which we seem directed, we cannot but remark á long succession of ages, commencing with the times when the western Gentiles flowed into the Church, and possessed the outer courts of the temple; when on their ignorance and superstition a corrupt and ambitious clergy began to raise the papal hierarchy, substituting pagan ceremonies and unauthorised observances in the room of primitive Religion. These, in history are called the middle ages; intervening between the bright period of Grecian and Roman literature, and the restoration of learning in the fourteenth century; between the days of primitive Christian knowledge, and the return of it at the Reforma, tion. They are marked in ecclesiastical history by increasing ignorance, superstition, corruption, and by papal usurpation. But the progress of these foes to true Religion, and to the happiness of mankind, was opposed and retarded by the professors of a purer faith. : “ God did not leave himself without 6a, witness.”'.: There arose in various parts of the great Christian republic, and at various periods, professors, and preachers of a purer religion; of a religion formed upon the precepts and promises revealed in that Sacred Book, which it was the constant endeavour of the ecclesiastical usurpers to keep out of sight. A successive train of these, though thinly scattered, was seen steadfastly to profess pure Religion, and, iu defiance of the papal thunder, to hold up to admiring Christians the light of the Gospel, and the true worship of the Ten ple. Although beset with difficulties and dangers, from the civil and ecclesiastical powers, now united to suppress them, they stood their ground with a confidence and energy, which could arise only from such a cause; the cause
of of truth, cherished and supported by the Spirit and power of God. If they suffered, their enemies suffered also, -were frequently disconfited in the conflict, and enjoyed at last a dear-bought and only temporary victory. ... Of the witnesses, in the early part of this his. tory, we have received but imperfect accounts: and these come down to us in a very suspicious form, being transmitted chiefly in the writings of their enemies. What therefore is said in their praise, we may admit; of other parts we may doubt. It appears probable, that the Valdenses, so early as in the seventh century, had retreated to the valleys of Piedmont; there to profess and exercise a purer religion than was permitted to them elsewhere*. In the eighth and ninth and tenth centuries, the progress of popery was vigorously opposed ; and private masses and pilgrimages, and the adoration of images and pictures, and other superstitions, and the doctrine of transubstantiation (now first broached), were elearly shewn, by many learned writers, to be contrary to true Christianity t. From the time of Pope Gregory VII., in the eleventh century, we see this light of Truth more frequently beaming forth, and with increasing lustre. In the twelfth century, it was widely spread by the zeal of Peter Waldus and of his followers. In the thirteenth century, the Inquisition was established to extinguish it #, and crusades were levied against those who received it. In the fourteenth century, our Wickliffe caught the light, and delivered it to many followers. John Huss and Jerome of Prague died martyrs to the cause in the succeeding century; and it shone forth among their disciples, in many parts of Europe, till the Inquisition, with fire and fagot, and by obstinate perseverance, seemed at length to have obtained the object of so much bloody persecution; to have extinguished the light of pure Religion :: so that at the commencement of the next century, the Roman pontiff appeared to enjoy his usurpation in tranquil security * The witnesses were heard no more ; pure Religion appeared dead with them; their enemies enjoyed a temporary triumph. But suddenly, to the astonishment and confusion of the papal world, they behold this heresy (as they termed it) revive, “a spirit of life from “ God enters into it,-it stands upon its feet;"it becomes immortal, and leads the way to heaven. Thus the revival of pure Religion in spirit and in power, placed by the Reformation beyond the reach of its enemies, seems expressed by the resurrection of the witnesses. Thus, in more early times, our Lord's Religion had appeared extinct and buried with him; but after three days, with him it rose again ; was rekindled in the faint and sunken hearts of his disciples; by whose preaching it was spread rapidly through the nations, disclosing universally, and in its purity, a knowledge of the true God and of a heavenly Redeemer.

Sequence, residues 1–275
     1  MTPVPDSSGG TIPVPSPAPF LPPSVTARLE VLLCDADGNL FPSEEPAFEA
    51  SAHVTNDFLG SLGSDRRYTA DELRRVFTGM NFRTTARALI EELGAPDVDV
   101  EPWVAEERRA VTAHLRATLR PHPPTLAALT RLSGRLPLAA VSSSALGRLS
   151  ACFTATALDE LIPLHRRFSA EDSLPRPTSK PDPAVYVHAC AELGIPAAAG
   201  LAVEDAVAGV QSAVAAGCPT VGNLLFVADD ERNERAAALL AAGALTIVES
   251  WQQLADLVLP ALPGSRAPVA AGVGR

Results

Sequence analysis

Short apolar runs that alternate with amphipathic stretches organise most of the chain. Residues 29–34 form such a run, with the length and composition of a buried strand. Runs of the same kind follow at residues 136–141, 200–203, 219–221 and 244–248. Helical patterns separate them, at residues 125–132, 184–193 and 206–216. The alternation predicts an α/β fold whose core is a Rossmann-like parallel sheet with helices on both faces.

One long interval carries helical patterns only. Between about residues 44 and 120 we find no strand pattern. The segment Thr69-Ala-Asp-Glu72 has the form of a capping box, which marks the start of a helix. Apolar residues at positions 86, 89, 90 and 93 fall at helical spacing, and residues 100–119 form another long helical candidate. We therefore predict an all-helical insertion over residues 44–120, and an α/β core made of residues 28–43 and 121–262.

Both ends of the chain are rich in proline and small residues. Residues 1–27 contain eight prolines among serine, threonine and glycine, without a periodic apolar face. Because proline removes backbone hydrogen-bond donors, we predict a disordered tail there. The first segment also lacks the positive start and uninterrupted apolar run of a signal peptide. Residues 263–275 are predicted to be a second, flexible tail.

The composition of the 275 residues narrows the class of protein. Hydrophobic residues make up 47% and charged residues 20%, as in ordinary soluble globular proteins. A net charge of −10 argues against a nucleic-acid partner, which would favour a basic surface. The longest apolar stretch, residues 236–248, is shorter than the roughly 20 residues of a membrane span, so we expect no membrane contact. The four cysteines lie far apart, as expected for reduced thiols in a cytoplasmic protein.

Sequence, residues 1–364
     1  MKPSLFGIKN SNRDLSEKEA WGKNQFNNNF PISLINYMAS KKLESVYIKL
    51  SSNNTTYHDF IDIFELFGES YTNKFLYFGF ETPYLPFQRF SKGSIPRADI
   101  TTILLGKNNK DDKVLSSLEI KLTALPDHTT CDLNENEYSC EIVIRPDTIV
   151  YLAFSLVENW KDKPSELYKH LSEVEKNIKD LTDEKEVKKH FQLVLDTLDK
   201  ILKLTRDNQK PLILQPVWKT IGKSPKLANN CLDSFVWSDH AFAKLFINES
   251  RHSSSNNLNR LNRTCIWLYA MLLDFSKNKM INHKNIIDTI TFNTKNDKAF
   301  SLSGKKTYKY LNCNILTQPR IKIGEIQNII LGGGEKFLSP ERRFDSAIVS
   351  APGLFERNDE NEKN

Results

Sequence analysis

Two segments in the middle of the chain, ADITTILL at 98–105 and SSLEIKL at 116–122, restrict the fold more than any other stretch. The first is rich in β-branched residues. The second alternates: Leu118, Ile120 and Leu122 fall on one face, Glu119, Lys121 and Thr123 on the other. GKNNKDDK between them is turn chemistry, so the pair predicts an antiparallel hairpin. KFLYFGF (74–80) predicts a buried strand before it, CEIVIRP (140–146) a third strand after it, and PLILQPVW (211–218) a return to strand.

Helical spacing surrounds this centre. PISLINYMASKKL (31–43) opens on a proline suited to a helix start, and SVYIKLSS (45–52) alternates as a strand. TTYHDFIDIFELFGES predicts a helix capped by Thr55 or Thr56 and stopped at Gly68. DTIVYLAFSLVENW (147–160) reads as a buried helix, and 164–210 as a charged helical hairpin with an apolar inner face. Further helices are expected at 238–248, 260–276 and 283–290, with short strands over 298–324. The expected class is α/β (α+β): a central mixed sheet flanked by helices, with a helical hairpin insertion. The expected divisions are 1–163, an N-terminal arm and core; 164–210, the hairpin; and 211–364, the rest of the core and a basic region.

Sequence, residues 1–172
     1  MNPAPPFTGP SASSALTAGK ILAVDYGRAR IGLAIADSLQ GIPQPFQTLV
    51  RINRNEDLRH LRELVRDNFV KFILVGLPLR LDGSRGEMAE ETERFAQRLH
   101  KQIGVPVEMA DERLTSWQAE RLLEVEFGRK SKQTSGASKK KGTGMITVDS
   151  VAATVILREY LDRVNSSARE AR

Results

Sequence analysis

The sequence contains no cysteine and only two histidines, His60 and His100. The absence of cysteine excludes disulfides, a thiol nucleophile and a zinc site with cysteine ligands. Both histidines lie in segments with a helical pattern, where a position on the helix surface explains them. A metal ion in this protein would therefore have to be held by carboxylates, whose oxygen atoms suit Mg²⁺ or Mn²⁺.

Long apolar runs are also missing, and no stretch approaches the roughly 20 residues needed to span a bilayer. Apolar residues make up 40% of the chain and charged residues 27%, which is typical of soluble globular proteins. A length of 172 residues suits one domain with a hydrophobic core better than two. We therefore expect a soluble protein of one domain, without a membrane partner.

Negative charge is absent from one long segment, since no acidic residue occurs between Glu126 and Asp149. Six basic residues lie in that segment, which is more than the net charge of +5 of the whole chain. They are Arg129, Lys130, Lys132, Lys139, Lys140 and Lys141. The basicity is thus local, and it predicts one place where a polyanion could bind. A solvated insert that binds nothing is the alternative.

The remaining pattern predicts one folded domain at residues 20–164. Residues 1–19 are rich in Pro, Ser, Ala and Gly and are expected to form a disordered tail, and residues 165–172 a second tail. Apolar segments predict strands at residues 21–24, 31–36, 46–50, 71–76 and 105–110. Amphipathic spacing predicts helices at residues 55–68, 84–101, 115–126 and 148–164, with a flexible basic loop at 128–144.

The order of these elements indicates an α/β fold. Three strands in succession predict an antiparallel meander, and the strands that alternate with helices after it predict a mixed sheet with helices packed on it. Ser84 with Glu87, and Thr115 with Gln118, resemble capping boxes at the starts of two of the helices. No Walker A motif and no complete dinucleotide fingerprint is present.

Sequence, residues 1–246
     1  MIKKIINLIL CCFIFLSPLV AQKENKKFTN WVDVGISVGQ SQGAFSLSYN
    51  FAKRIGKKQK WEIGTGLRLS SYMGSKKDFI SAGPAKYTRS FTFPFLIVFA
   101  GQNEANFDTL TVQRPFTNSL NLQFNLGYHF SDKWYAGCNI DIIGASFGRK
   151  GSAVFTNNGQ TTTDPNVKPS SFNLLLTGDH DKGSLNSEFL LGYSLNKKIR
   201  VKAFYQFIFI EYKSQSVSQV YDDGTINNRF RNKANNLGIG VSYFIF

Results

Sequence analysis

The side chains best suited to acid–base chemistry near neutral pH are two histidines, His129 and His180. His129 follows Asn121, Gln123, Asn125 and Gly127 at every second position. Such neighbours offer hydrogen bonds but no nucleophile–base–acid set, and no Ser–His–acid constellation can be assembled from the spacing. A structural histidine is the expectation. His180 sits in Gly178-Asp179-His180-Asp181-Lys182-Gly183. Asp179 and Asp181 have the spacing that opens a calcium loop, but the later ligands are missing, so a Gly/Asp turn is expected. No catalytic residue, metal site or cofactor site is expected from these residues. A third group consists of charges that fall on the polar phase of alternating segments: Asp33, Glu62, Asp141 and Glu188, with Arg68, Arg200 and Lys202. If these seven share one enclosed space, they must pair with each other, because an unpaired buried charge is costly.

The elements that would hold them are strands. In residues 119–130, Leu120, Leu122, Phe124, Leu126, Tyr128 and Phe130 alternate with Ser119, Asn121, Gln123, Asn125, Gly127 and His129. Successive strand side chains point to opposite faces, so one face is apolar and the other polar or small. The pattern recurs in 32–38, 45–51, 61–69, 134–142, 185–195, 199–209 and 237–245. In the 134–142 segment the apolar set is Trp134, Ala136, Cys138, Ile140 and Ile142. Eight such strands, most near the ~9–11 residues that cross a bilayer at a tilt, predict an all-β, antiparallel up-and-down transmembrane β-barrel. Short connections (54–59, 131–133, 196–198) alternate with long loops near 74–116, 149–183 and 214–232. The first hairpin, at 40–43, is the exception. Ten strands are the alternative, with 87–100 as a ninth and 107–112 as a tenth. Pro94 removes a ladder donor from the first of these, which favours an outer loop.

* See Mosheim's Hist. cent, vii. part 2. ch. ii. sect. 2; also cent. xii. part 2. ch. v. sect. ii. note; and the authorities there produced.
# Usserius de Christianæ Ecclesiæ successione et statu. Allia's Remarks on the Ancient Churches of the Albigenses, and of Piedmont. Bp. Newton's Dissertations on Prophecy, vol. ii. pp. 150-160, of the octavo edition. | Mosheim, cent. xiii. part ii. ch. v.